Dawn Wright’s Talk Today: The Age of Science and Big Data


Dawn Wright, Chief Scientist at Esri, presented a one-hour talk today on The Age of Science and Big Data at Colorado State University. I was in attendance due to my current interest in the topic of Big Data and, of course, how it relates to spatial scientists like ourselves. She delivered a great talk with many takeaways, some of which I will try to enumerate here.

The first interesting thing I took note of was the fact that the journal nature actually ran a cover story on Big Data back in 2008, a full three years before most people started discussing it in the spatial community. The second interesting thing was this thought that crossed my mind as Wright said the word “interoperability”. My thought? That this word, interoperability, is really one of those self-limiting words in that the minute that things actually become interoperable we will no longer have a need to use that word.

Wright mentioned GeoDesign, which in my mind is really just urban planning with GIS, but she emphasized that it is about both how we see the world and how we manipulate the world to be the way we want to see it. Just think on that for a bit.

The main learning points of this talk centered on the 3 traditional characteristics of Big Data as well as 2 additional characteristics that they think about at Esri. First, Big Data is characterized by big volume: often in the petabytes. Second, we’re talking about data that has a high velocity, by which we mean near real-time or real-time data from automated sensors, and which we have to ask questions such as: what do we keep and what do we discard? The third is variety, which she argues is the thing that geospatial experts are most interested in since we like to combine different datasets to derive novel conclusions. The two Esri add-ons are: veracity and values.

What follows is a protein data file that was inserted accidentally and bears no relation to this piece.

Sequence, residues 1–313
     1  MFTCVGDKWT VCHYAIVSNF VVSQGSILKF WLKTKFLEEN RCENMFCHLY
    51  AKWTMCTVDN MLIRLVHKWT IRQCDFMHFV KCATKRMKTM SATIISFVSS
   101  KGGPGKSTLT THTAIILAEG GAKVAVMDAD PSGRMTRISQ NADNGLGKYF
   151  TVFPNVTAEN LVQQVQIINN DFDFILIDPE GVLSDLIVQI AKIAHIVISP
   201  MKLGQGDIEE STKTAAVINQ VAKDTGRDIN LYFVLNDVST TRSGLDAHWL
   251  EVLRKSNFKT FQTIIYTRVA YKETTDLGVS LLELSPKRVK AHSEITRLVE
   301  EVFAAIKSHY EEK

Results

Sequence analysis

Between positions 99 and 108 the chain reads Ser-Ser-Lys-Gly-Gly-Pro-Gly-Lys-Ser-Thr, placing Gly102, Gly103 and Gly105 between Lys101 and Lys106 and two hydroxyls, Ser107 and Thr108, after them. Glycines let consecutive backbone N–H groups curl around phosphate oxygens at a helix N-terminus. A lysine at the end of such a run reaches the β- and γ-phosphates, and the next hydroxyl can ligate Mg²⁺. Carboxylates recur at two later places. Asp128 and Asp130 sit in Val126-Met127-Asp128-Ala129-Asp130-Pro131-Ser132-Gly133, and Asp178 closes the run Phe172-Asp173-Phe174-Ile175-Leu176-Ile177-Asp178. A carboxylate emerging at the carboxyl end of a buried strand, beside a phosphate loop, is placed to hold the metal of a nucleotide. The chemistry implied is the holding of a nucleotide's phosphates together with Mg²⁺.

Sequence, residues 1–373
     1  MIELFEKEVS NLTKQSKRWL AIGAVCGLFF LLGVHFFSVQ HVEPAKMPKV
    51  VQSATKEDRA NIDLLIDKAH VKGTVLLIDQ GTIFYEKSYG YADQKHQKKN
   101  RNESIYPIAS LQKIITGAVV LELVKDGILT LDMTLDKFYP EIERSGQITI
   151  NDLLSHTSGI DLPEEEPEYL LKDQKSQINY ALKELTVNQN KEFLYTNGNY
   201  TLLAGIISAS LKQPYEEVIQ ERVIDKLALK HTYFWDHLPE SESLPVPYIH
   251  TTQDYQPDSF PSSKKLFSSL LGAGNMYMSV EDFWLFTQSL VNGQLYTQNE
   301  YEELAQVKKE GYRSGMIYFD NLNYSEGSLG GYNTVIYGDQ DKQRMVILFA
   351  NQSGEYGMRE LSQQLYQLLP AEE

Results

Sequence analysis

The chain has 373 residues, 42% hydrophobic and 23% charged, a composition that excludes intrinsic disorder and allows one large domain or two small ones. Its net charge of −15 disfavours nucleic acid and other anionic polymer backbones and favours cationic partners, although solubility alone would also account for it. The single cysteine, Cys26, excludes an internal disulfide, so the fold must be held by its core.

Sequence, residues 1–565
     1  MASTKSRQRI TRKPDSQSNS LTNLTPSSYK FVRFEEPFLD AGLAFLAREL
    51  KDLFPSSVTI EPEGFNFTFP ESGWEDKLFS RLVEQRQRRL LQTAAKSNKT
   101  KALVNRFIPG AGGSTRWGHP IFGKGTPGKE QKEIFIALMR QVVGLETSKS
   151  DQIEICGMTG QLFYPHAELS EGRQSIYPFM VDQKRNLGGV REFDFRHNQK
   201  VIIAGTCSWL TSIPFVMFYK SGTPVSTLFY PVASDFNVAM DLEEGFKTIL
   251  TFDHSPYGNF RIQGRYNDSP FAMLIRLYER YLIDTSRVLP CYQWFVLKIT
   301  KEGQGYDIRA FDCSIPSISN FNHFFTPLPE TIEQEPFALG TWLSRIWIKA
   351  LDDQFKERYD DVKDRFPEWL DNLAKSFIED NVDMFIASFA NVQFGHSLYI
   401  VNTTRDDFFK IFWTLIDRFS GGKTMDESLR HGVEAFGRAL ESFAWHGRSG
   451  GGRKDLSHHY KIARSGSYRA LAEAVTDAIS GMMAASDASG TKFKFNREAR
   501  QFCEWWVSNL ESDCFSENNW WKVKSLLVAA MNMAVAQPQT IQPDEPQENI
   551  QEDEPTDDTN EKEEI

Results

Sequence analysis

Examples of Big Data sets that Wright mentioned are: air and ship traffic, Yahoo! Finance data (# of nodes=42,000!), critical zone observatories, and GEOSS. She also mentioned the US NSF Earth Cube, which seems to be an attempt to organize and hold this data. Of course, we’ve seen attempts like this before that never got off the ground, so we’ll see if this one is any different. Wright went on to emphasize that if you are at all interested in data intensive science then you had better read The Fourth Paradigm, which Wright asserts is the text to have on the subject.

The only thing I was disappointed in was the fact that Wright did not discuss the importance of Big Data visualization, which I posit–as long as we are all adding “v” words to the list of Big Data tenets, is going to be the make-it or break-it aspect to whether results of these analyses make any difference in the world. In other words, without a good way to show-off your Big Data results, the public won’t listen in the first place, let alone try to understand. So that’s what I propose: Visualization needs to be the 6th Big Data tenet.


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